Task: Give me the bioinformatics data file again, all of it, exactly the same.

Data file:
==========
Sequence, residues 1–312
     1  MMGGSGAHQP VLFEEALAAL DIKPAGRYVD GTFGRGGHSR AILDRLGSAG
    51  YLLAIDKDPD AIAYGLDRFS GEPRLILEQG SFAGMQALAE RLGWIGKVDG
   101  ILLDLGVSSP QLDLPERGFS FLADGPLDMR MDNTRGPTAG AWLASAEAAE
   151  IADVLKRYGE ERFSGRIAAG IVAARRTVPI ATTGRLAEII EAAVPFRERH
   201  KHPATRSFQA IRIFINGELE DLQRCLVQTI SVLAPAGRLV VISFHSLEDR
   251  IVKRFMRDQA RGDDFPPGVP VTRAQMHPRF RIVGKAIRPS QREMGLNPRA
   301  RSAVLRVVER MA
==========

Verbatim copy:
Sequence, residues 1–312
     1  MMGGSGAHQP VLFEEALAAL DIKPAGRYVD GTFGRGGHSR AILDRLGSAG
    51  YLLAIDKDPD AIAYGLDRFS GEPRLILEQG SFAGMQALAE RLGWIGKVDG
   101  ILLDLGVSSP QLDLPERGFS FLADGPLDMR MDNTRGPTAG AWLASAEAAE
   151  IADVLKRYGE ERFSGRIAAG IVAARRTVPI ATTGRLAEII EAAVPFRERH
   201  KHPATRSFQA IRIFINGELE DLQRCLVQTI SVLAPAGRLV VISFHSLEDR
   251  IVKRFMRDQA RGDDFPPGVP VTRAQMHPRF RIVGKAIRPS QREMGLNPRA
   301  RSAVLRVVER MA